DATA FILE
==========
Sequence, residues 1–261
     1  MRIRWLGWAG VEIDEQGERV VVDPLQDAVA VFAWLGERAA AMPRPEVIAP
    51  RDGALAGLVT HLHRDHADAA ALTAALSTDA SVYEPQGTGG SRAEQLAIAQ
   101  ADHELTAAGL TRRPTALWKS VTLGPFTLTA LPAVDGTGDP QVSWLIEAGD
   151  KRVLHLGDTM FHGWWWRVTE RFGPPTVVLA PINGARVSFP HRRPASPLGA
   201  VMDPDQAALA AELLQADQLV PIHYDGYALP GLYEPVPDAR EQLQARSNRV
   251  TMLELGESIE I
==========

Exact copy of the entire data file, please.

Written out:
Sequence, residues 1–261
     1  MRIRWLGWAG VEIDEQGERV VVDPLQDAVA VFAWLGERAA AMPRPEVIAP
    51  RDGALAGLVT HLHRDHADAA ALTAALSTDA SVYEPQGTGG SRAEQLAIAQ
   101  ADHELTAAGL TRRPTALWKS VTLGPFTLTA LPAVDGTGDP QVSWLIEAGD
   151  KRVLHLGDTM FHGWWWRVTE RFGPPTVVLA PINGARVSFP HRRPASPLGA
   201  VMDPDQAALA AELLQADQLV PIHYDGYALP GLYEPVPDAR EQLQARSNRV
   251  TMLELGESIE I